This literature review focuses on factors related to inmate violence against prison staff and prevention measures.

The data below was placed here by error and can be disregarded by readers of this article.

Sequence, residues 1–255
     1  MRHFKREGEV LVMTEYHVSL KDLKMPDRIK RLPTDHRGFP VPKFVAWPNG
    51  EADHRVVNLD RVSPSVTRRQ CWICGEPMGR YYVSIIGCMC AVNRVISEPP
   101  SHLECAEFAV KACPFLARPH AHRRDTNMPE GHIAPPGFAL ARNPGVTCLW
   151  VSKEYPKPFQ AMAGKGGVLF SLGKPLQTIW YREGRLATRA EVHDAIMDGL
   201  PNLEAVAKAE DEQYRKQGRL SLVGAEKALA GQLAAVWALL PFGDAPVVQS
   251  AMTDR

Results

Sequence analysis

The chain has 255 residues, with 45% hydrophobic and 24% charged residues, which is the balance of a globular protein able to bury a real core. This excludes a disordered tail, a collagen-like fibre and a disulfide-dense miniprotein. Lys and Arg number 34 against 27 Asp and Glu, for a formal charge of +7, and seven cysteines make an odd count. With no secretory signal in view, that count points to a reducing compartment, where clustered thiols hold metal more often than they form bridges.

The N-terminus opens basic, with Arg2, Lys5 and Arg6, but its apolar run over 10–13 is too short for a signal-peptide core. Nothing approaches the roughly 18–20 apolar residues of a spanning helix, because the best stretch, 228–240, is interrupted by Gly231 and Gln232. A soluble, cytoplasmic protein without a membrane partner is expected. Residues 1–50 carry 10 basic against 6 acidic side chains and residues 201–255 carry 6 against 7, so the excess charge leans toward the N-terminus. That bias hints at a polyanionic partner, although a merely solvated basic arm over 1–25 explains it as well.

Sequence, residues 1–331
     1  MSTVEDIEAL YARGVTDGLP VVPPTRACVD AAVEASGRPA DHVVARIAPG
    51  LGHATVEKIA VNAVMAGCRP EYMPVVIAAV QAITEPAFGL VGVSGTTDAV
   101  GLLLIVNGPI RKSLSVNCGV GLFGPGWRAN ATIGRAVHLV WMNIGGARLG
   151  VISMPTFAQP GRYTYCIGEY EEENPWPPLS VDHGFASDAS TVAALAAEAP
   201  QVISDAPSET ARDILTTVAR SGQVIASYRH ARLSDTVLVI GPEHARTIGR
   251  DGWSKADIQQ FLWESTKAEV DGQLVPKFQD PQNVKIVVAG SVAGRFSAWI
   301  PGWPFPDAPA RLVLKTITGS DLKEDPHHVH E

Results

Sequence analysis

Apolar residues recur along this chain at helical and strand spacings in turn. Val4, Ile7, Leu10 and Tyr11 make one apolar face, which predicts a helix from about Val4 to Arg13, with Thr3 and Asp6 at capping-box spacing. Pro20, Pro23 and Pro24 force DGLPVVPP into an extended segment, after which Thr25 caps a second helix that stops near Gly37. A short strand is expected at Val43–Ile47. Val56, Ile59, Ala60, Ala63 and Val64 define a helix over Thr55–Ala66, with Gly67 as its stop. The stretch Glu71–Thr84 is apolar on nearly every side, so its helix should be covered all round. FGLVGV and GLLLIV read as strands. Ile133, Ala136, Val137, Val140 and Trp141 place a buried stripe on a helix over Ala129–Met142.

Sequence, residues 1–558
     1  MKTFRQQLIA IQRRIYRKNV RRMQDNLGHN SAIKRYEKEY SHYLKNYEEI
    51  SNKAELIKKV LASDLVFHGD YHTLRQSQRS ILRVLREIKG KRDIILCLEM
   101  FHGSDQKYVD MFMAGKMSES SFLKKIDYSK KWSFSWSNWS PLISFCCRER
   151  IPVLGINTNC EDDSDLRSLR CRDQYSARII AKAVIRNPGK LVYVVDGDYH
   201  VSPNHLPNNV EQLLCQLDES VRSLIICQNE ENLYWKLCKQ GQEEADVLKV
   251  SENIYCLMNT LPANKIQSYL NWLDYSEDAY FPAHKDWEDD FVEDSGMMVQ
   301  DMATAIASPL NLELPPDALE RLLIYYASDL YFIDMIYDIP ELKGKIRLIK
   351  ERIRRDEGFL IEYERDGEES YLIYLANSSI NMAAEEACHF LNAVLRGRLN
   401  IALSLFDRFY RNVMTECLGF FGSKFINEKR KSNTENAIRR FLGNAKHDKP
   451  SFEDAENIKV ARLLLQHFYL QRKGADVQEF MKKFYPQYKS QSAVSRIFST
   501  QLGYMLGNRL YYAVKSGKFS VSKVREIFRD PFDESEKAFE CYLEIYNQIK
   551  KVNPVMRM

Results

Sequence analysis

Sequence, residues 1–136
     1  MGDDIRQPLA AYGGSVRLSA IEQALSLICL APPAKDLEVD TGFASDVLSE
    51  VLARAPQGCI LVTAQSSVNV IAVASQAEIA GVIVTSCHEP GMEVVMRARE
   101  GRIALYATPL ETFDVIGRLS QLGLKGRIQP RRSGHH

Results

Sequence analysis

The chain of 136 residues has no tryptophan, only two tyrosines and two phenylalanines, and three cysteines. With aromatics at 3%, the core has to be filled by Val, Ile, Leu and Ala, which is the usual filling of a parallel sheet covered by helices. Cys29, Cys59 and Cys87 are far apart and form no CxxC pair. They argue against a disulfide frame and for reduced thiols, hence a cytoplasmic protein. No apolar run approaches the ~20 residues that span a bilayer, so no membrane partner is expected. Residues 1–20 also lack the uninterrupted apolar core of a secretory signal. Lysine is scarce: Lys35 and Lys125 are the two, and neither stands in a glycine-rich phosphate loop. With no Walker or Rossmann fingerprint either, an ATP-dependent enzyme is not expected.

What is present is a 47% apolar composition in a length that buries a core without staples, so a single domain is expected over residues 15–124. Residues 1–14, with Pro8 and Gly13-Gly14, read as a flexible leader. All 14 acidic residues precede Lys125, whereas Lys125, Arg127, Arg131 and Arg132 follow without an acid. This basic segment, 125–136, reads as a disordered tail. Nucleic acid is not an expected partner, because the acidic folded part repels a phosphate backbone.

Research has generally categorized factors related to inmate violence against staff into two categories: "importational" and "deprivation." "Importational" factors pertain to the high risk for violence that an inmate brings into the prison. These factors include a history of violence, youthfulness (age 25 or younger), and drug use. "Deprivation" factors relate to stressful, aggravating, and opportunity factors of prison life that foster inmate violent behavior. According to Jiang and Fisher-Giorlando (2002), prisoner-on-prisoner violence is more likely to be explained by situational and importational approaches; and prisoner-on-staff violence is more likely to be explained by deprivation and situational approaches. In prisoner-on-staff violence, one of the most obvious factors is what Bowler (1983) describes as the "vast power difference between the "keepers" and the "kept." There is some evidence that academic and vocational education programs reduce violence against staff. Lahm's (2009) study of both individual and contextual predictors of violence against staff found a link between staff-to-prisoner ratio and violence against staff. A lower ratio of staff-to-prisoner apparently invites attacks on lone officers supervising inmates. According to Kratcoski (1988), inexperienced staff is at a higher risk for violence from inmates. Staff with 1 year or less work experience was found to be significantly more likely to be targeted for violence. Some prevention strategies for prisoner-to-staff violence include having a mix of inmate age groups in any one prison, so as to dilute the youth factor in violence; reducing crowding; increasing staff training and experience; supporting staff authority; security crackdowns; and increasing prisoner access to programs and industries. 22 references
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